We’re sharing another fascinating conversation from UNLEASH America in Las Vegas earlier this year.
The Chad and Cheese podcast got some time with Dr. Steven Hunt of SAP, and author of the recent book ‘Talent Tectonics’.
In this podcast, they looked at the powers of automation, the advantages of the gig economy, and busted a few myths, too.
We join the discussion as Steven Hunt explains his job title…
Dr. Steven Hunt: I’m an industrial organizational psychologist, so the psychology of work, all that stuff. And my career is focused on, how do you use technology to create more effective work environments? Like enable better decisions, more inclusive environments, agile environments, high-performing environments. As well as a lot of this is, how is technology changing the environments we need to create?
And so that book, Talent Tectonics, is really based on my experience working with, at this point, thousands of companies. Looking at how do we use technology to create better environments, taking into account the one thing that isn’t changing about work, which is the fundamental psychology of people.
Chad Sowash: It’s all about signals at this point, right? All of what you said is about signals, whether it’s behavioral signals, sales people being able to reach their goals. It’s all signal oriented, is it not?
SH: It’s more than that, it’s job design. What’s happening is the two big shifts, and you guys would know this, is one, the demographics are fundamentally changing our labor markets. There are more people aging out of a lot of labor markets than entering into them.
And it’s not that we don’t have enough people, it’s that we’re not fully utilizing all the people we have in society. The labor participation rates are going down.
Particularly historically, whatever you call, historically disenfranchised communities, wherever you want. How do we go out and how do we more effectively engage the entire workforce? Because just recruiting harder isn’t gonna work.
CS: Companies really aren’t engaging communities in the first place. We used to have training programs where they would work with schools, vocational schools. They would work with community colleges, but they totally pulled back from that because of the incentives weren’t there anymore. But long term, the incentive was always there that they would be building their own talent pipelines and now that has dried up and we’re in the situation we are right now.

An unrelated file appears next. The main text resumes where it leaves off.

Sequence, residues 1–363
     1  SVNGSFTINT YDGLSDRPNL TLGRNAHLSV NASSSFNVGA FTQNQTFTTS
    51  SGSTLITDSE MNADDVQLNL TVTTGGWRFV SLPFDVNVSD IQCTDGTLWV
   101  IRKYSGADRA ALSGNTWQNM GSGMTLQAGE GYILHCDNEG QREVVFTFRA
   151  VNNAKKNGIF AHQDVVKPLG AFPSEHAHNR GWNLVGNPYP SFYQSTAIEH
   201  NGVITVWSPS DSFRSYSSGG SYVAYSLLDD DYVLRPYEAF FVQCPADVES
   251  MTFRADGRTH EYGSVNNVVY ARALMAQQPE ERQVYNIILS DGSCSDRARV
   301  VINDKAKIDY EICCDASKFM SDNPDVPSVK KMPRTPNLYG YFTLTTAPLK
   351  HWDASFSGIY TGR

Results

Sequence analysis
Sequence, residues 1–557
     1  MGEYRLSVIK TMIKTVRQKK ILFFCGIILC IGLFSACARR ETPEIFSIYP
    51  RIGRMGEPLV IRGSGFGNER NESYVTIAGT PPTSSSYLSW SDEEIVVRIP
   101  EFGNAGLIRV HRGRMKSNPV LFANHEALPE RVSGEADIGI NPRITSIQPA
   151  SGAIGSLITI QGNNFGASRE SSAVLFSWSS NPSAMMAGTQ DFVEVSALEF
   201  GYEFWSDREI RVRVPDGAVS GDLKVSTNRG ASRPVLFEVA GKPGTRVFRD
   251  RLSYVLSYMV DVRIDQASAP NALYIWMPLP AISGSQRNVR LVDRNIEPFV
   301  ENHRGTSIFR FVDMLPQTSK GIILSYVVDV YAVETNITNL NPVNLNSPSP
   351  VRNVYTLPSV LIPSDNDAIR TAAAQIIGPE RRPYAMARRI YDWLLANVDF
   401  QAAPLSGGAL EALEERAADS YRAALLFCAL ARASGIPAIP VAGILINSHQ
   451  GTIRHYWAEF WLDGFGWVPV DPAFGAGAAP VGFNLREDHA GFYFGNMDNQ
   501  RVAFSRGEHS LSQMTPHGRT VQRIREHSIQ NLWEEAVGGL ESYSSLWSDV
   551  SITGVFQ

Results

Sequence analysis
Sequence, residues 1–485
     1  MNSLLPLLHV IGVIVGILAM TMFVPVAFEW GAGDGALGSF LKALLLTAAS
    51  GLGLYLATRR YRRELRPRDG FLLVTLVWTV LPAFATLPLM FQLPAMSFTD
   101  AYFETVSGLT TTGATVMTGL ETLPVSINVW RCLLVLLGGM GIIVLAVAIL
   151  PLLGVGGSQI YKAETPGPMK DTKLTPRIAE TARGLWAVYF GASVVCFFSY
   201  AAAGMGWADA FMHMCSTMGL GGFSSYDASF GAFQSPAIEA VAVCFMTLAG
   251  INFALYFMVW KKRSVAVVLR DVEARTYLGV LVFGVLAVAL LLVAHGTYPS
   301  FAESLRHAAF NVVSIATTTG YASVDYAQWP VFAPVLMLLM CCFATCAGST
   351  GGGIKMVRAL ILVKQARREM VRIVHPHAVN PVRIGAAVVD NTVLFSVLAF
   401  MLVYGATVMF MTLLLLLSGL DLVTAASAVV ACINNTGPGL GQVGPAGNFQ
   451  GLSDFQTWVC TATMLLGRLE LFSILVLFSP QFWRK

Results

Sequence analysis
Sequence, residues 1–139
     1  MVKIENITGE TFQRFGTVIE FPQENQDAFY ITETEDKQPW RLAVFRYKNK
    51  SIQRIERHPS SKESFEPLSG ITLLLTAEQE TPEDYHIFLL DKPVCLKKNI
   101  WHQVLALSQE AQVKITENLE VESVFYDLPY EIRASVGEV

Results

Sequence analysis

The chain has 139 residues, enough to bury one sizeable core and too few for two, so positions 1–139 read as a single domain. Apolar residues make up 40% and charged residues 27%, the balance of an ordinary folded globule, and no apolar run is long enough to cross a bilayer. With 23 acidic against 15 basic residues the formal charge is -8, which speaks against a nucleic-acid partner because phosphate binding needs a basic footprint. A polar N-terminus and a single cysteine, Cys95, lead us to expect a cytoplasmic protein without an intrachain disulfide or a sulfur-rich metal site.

SH: Right. And I always get frustrated if you hear people say, “Oh, declining birth rates are bad for economies.” That’s not true. They’re bad for economies that depend on exploiting large amounts of underemployed people.
There’s a quote, I don’t know who said it: “Potential is equally distributed across society. Opportunity is not.” That’s definitely true. A lot of this book’s about how do we reimagine work so that we can bring more people into it through changing… I’ll give a good example on technology; shift scheduling technology.
The reason a lot of people don’t work, particularly people that have primary family care responsibility, which in our society is mainly women, is because of shift schedules. If you’re the one who has to pick up your kids, for example…And also with hybrid work, this is another interesting thing. Within hybrid work, since we’ve moved to that, employment of people with disabilities in the United States is the highest it has ever been.
CS: ‘Cause they can do work from home.
CS: And they can still get it done.
SH: Yeah. So the book talks about, this is an example of job design. But also, how do you staff, how do you hire? But the book also focuses a lot on, the other thing is digitalization has changed the nature of work. We need to hire people to be creative, collaborative, caring as opposed to just productive. You can’t be those things if you feel exhausted, burned out.
Joel Cheeseman: Who do you hope reads this book? Is it the CEO? Is it the head of talent? Who do you hope picks this book up?
SH: Anyone who is focused on creating more effective workforces and work environments. Now, for some companies that is the CEO. To be honest, a lot of CEOs, that’s not where their passion and focus is. They’re like, “People are important…that’s why I hired a CHRO.”
Yeah. But that’s okay. You can love technology and that doesn’t mean you wanna be a CIO, but it’s definitely HR. HR, HR technology, consultants, anyone who… Hey, my job is about helping companies create more effective job design, better staffing, better employee development, more engaged workforces.
And the book starts with talking about how digitalization and demographics are changing labor markets and work, but then it goes in and says, well, what do we do about it? And that… It’s built around, I kind of talk about it, when it comes to HR and you guys have been in this field a long time, the basic challenges of this field never change.
SH: It’s how you design jobs, how do you fill them, how do you develop people and how do you keep them around so they don’t quit?